You can’t fill a roadmap with customer problems if you don’t know anything about your customers. By moving away from the invention of features (which can be done independent of whether customers need what you’re building), the roadmap technique requires deep and thorough customer insights.

The best way to acquire these insights is through solid, constant user research. Product managers now need to initiate customer visits and observations, looking for what those customers truly need and what obstacles they face.

User research changes its status, from a luxury of the product design process to a preliminary requirement of the strategy process. Tracking and synthesizing different problems now becomes a standard way to talk about how the product is built. Customers are at the center of every discussion of what’s in and what’s out.

Abandoning the Game of Competitor “Catch-up”

Another major benefit of the shift to solving customer problems is the shift away from playing competitive catch-up. As the product team studies what their customers need, they won’t start by looking at what the competition has. Any competition still working with a feature focus will miss opportunities.

Almost always, important customer problems aren’t being solved by any companies in the competitive landscape. This is because everybody is constantly trying to out-do each other, not paying attention to customers at all.

The first company to move to defining their roadmap as solvable customer problems gets a jump on the competition. They provide innovative solutions just by solving pressing problems, getting an immediate jump on what the competitors incorrectly think is important.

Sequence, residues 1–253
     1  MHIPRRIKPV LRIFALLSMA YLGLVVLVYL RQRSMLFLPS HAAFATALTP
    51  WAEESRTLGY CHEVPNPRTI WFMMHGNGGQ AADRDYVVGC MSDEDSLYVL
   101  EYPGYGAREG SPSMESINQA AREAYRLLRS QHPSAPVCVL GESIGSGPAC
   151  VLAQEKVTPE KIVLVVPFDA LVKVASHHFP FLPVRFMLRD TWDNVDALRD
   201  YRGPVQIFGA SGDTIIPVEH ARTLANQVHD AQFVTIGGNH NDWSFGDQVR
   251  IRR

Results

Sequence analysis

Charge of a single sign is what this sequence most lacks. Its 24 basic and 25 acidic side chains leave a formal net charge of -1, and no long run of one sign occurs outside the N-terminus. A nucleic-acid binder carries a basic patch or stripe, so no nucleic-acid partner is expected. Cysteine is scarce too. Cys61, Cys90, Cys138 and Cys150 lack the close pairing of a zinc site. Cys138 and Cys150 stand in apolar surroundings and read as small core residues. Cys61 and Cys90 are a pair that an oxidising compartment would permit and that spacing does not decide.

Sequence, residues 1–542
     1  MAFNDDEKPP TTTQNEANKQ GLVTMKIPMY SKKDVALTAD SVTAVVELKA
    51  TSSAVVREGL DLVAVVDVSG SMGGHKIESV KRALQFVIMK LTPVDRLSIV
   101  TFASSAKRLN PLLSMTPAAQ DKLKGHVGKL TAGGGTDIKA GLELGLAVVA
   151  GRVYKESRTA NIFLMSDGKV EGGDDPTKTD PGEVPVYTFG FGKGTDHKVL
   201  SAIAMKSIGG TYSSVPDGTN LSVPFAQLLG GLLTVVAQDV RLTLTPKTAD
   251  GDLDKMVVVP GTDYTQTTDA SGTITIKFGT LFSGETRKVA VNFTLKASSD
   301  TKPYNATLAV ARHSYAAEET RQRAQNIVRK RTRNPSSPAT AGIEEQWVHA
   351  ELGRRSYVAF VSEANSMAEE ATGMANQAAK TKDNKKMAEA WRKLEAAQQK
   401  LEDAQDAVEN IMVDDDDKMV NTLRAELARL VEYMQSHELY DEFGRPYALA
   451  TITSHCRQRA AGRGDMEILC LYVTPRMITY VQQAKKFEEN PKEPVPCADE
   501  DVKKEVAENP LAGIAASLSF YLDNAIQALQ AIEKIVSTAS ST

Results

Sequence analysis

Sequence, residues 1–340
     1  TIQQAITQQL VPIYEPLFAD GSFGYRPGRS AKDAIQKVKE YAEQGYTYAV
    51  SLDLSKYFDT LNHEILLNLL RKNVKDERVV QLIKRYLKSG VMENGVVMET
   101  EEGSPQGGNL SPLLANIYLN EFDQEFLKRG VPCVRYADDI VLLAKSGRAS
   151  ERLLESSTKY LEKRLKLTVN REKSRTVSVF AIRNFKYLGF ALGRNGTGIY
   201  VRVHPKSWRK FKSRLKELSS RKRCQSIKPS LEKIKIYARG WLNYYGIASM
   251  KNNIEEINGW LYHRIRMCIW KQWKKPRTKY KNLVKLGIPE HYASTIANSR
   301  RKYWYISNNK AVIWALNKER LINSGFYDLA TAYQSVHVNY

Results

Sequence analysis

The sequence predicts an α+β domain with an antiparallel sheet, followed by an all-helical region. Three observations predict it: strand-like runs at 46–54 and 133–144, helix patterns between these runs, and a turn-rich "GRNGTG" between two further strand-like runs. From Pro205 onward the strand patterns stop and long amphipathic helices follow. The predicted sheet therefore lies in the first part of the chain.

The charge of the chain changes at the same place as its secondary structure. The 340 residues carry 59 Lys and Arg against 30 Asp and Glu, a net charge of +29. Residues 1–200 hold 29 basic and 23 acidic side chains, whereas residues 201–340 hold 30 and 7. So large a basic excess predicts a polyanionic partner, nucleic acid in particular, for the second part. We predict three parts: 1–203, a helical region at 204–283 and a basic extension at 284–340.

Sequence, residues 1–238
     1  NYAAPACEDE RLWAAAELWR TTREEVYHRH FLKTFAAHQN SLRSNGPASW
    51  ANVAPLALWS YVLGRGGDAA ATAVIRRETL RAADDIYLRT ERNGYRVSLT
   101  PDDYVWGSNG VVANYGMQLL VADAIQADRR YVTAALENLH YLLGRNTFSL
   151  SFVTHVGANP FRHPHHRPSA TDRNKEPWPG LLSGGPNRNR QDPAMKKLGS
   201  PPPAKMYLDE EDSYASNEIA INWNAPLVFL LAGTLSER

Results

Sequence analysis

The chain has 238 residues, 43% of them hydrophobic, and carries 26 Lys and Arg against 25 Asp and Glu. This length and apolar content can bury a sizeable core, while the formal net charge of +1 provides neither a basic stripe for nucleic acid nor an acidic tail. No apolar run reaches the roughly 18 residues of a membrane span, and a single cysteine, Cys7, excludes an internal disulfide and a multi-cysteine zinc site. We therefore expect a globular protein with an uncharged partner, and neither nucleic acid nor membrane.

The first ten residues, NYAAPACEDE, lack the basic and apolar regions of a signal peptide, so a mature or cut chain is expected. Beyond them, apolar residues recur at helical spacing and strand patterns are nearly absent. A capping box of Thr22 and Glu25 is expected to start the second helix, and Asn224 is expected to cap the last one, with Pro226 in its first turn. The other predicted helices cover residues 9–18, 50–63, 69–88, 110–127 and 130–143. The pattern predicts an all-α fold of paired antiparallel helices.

Instead of doing a competitive analysis, the strategy team is now talking about what’s missing in the marketplace. They’re completely focused on what nobody else is doing. That’s a solid competitive advantage.

Marketing the Story of the Solutions

Marketing groups face a chore when it’s time to tell the world about the next major release of their product. They have to gather up all the features and synthesize a narrative that makes people want all those things. What is the big story about how these independently designed and developed features make the customer’s life better?

Bruce’s Themes replaces that chore by handing the narrative to the marketing group on a silver platter. Here are the problems we set out to solve and here’s how we solved them.

Every element of the new release tells the story marketing needs to tell. (And if the marketing group was smart, they were part of the strategy team in the first place, so they saw this coming their way all along.)

Developing a More Cohesive Design

Part of solving a customer’s problem is making sure you don’t make it worse. By having the problem as the starting point for the project, the development team has an instant baseline to measure against.

Given a customer problem, the team will come up with multiple solutions. Picking the best solution becomes a trade off of effort against the improvement they can deliver. Determining these factors is easier when they start with a clearly defined problem. Without a commitment to specific solutions, the team has flexibility.

One consistent problem with the feature approach comes when the team tries to wedge more features into an already crowded and complex product. They run the chance of making the product even more difficult to use because the new features don’t dovetail nicely with what already exists.

With Bruce’s Themes approach, the team now has the power to say “no” to any solution that makes the problem worse. That includes making the product more complex. The base requirement of making the customer’s life easier forces a more cohesive, simpler design to emerge.

Shifting to Themes Is a Challenge

Organizations who have grown up in a feature mindset will struggle with the shift to customer problems. The primal desire to ask, “But what feature are we shipping?” will not go down without a fight. Vigilance among the product strategy team (and air cover from senior management) will be a basic requirement to make Themes work.

However, after the team gets the hang of thinking in terms of solving customers’ problems, and reaps all the benefits that come from that, it’s likely to become the norm. The wins felt by every part of the organization as customers are put into the center of the strategy process will easily make them a driving force in the market.

Thanks to Bruce McCarthy for providing the fantastic idea of Themes.